For those who are charitably inclined, a challenging economic climate might actually serve as an inspiration to become more intentional about giving priorities. What’s more, not all donors plan to reduce their philanthropy in the face of financial headwinds.
Here are three messages worth sharing with your clients as bear market conditions hang on into the fourth quarter.
1. Not all stocks are down
Giving appreciated stock to a Donor Advised Fund or Scholarship Fund at Napa Valley Community Foundation –- or to another charitable organization — is always a tax-savvy alternative to giving cash, regardless of the economic situation. Most portfolios have declined sharply in recent months, but your clients may still have an opportunity to donate stocks held for more than a year and avoid capital gains taxes in doing so. (Take a look at the historical share price of Apple, for example, and imagine the capital gains tax liability for clients who’ve held the stock for several years.)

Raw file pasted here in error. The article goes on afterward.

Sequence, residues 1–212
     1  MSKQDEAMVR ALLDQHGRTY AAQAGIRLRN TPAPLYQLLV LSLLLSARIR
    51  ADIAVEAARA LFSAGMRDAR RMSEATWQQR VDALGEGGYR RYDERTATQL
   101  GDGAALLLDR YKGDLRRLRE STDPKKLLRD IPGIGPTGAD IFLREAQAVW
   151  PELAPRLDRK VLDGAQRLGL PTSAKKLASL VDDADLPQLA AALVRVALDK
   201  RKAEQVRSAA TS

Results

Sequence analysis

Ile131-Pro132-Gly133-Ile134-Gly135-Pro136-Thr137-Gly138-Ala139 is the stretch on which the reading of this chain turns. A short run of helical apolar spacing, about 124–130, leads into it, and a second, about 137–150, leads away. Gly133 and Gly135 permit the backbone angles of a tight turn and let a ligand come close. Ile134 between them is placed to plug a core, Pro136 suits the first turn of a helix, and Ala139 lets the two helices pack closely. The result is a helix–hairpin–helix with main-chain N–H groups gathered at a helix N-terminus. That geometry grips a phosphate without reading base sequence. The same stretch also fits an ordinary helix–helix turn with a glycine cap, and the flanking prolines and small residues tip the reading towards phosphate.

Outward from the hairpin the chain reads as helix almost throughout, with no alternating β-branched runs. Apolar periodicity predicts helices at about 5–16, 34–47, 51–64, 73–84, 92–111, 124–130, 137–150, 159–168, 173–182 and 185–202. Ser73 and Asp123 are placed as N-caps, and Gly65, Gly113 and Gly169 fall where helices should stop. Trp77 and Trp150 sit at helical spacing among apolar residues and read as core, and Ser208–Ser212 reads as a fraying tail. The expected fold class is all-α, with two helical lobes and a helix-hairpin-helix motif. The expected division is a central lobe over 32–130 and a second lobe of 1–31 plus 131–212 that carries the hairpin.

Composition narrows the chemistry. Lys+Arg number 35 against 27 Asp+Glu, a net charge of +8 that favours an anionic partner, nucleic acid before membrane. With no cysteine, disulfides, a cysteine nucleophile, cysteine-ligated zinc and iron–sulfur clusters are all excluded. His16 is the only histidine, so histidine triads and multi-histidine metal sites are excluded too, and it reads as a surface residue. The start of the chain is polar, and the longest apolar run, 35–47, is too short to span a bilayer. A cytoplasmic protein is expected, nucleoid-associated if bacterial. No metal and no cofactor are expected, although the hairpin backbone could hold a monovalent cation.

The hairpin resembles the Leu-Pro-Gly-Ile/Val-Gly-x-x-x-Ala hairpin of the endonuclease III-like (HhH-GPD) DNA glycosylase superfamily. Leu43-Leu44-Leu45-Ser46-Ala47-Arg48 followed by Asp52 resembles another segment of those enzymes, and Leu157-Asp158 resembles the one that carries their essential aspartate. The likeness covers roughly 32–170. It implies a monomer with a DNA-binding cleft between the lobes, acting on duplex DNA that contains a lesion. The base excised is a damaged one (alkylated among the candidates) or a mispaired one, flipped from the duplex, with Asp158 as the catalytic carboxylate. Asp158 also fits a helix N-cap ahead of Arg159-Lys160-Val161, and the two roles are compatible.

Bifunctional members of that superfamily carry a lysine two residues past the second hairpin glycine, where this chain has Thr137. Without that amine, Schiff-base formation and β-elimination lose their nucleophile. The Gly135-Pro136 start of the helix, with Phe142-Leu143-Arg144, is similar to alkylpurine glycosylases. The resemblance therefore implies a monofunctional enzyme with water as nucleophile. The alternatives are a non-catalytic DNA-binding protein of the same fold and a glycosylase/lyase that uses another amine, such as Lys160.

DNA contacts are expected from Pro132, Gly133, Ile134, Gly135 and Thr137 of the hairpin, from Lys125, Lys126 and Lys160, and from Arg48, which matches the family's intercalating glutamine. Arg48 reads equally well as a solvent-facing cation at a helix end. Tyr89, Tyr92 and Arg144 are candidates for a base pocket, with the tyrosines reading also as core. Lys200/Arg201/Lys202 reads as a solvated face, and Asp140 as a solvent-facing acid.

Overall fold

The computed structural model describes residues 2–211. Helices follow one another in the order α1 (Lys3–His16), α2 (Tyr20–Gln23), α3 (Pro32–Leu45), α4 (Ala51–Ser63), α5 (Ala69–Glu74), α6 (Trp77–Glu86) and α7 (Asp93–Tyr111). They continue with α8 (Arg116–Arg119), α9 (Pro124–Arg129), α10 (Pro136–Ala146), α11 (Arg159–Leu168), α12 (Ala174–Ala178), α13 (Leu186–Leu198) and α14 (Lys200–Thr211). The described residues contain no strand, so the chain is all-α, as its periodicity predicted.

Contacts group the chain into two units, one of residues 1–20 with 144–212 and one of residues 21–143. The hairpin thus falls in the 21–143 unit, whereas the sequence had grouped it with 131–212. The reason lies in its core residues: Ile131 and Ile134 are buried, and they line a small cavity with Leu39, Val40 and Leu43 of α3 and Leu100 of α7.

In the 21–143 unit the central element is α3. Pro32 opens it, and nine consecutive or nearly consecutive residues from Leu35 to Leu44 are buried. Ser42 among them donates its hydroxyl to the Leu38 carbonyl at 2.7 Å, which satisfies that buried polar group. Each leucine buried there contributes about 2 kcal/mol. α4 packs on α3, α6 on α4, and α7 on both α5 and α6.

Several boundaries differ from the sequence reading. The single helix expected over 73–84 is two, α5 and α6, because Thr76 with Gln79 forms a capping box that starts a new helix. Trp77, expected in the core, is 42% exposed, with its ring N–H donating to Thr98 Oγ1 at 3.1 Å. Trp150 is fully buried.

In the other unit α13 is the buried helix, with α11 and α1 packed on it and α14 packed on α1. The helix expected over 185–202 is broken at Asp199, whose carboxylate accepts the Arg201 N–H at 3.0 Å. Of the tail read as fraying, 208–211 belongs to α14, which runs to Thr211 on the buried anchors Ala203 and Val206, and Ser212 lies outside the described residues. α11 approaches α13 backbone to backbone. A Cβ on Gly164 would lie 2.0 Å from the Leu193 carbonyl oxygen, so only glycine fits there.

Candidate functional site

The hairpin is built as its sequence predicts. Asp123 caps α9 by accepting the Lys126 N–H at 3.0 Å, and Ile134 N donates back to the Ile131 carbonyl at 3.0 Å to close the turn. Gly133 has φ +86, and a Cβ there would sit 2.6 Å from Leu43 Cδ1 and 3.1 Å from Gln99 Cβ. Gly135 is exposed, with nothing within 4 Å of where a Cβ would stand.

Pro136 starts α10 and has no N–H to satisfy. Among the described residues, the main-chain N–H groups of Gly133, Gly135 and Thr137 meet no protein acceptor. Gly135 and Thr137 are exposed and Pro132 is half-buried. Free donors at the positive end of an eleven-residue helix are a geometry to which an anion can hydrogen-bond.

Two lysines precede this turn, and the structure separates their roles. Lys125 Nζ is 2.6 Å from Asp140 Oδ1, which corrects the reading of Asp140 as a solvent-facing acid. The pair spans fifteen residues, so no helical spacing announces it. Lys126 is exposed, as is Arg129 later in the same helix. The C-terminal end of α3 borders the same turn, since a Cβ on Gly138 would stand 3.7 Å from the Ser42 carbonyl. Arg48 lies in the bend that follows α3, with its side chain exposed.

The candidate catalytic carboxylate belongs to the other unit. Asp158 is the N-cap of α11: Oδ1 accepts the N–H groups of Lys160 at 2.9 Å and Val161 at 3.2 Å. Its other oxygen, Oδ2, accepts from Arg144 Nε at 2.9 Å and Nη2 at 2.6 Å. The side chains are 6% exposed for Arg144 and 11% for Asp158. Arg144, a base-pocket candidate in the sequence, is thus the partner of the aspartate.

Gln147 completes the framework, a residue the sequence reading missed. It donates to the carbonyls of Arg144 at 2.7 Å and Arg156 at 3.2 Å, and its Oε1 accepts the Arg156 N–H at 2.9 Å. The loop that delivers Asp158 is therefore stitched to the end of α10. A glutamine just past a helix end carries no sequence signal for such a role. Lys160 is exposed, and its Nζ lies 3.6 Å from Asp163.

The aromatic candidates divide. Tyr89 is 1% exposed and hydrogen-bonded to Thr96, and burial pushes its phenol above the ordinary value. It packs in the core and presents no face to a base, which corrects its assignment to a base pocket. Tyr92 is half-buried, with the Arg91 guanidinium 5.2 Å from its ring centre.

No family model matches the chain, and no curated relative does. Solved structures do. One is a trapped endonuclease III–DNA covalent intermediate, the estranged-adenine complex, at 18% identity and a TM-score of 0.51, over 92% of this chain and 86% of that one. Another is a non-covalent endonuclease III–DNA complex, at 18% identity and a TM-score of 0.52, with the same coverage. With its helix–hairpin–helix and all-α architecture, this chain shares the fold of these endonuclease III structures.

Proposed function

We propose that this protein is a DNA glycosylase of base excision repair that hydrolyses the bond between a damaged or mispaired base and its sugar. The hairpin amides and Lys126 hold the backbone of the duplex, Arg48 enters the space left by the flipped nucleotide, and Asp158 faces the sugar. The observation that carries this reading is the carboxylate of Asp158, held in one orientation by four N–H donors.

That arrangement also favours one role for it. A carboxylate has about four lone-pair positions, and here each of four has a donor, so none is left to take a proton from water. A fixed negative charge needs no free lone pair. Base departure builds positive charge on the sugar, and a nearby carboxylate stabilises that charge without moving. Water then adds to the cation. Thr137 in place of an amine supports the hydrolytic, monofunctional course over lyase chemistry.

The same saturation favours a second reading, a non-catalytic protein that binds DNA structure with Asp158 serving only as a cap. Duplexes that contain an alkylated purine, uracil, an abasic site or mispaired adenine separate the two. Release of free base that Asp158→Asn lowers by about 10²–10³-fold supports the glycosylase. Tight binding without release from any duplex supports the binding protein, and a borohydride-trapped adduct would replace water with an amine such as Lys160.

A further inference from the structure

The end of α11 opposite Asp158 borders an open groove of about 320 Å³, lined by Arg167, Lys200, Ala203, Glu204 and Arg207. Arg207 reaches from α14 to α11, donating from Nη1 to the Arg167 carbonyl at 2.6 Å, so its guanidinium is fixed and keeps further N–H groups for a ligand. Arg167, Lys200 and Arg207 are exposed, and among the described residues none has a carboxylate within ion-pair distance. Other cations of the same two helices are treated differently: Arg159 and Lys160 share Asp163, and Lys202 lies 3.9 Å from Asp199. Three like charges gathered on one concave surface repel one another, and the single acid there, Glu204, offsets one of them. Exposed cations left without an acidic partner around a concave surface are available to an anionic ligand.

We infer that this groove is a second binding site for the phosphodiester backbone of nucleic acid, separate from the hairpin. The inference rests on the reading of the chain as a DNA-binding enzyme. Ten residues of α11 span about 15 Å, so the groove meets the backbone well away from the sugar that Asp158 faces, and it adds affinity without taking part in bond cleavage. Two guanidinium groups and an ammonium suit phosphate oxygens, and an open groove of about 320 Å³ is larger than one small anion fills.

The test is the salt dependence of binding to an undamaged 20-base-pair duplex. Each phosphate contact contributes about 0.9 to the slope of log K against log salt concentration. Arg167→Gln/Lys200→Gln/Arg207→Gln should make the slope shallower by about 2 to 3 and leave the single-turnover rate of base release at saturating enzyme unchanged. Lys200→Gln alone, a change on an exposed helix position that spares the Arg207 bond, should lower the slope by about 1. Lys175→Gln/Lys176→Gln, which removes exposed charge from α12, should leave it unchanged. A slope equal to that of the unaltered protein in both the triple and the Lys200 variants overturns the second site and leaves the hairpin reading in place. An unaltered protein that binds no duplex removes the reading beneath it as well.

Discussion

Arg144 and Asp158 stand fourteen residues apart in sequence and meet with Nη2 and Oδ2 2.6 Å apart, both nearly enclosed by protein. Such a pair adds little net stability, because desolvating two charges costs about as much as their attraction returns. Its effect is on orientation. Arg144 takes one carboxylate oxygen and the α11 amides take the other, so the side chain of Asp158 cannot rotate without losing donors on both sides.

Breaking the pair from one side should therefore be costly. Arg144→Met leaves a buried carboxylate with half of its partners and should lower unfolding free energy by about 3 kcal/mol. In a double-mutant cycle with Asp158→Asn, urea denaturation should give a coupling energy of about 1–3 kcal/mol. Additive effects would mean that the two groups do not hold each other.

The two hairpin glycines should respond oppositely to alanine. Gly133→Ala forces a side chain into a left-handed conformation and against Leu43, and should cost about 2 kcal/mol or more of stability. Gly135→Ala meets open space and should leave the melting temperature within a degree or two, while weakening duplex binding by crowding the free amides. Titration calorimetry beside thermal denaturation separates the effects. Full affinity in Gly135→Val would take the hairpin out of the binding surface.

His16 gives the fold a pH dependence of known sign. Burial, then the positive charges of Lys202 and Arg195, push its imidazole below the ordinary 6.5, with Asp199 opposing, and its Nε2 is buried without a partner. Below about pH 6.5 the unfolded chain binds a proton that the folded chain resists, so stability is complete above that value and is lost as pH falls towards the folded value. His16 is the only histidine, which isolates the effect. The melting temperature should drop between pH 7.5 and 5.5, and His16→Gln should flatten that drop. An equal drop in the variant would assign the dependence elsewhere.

2. Consider the needs of others who are feeling the pinch of inflation more acutely
Working families in Napa Valley can be especially vulnerable to high inflation. As prices for gas and groceries continue to climb, thousands who are employed in agriculture and hospitality, the twin-engines of our local economy, may struggle to make ends meet. Napa Valley Community Foundation is in regular contact with the frontline charities that serve our Valley’s most vulnerable residents. And we can help your clients zero in on nonprofits in our community that are serving the people who need the most help right now.
3. Don’t forget about the Qualified Charitable Distribution
We mention this tool a lot because it is such a financially savvy way for your clients to support the charities they care about. If your client has reached the age of 70 1/2, they can distribute up to $100,000 annually from an IRA to charities of their choice, or to any number of charitable Funds at the Foundation, like our growing roster of Scholarship Funds. (Please note that Donor Advised Funds may not receive QCDs). QCD transfers count toward satisfying clients’ Required Minimum Distributions and are not subject to income tax. Of note, the QCD may get a small boost if the EARN Act becomes law. This proposed legislation would expand QCD rules to allow a one-time, $50,000 transfer to a split-interest trust such as a Charitable Remainder Trust.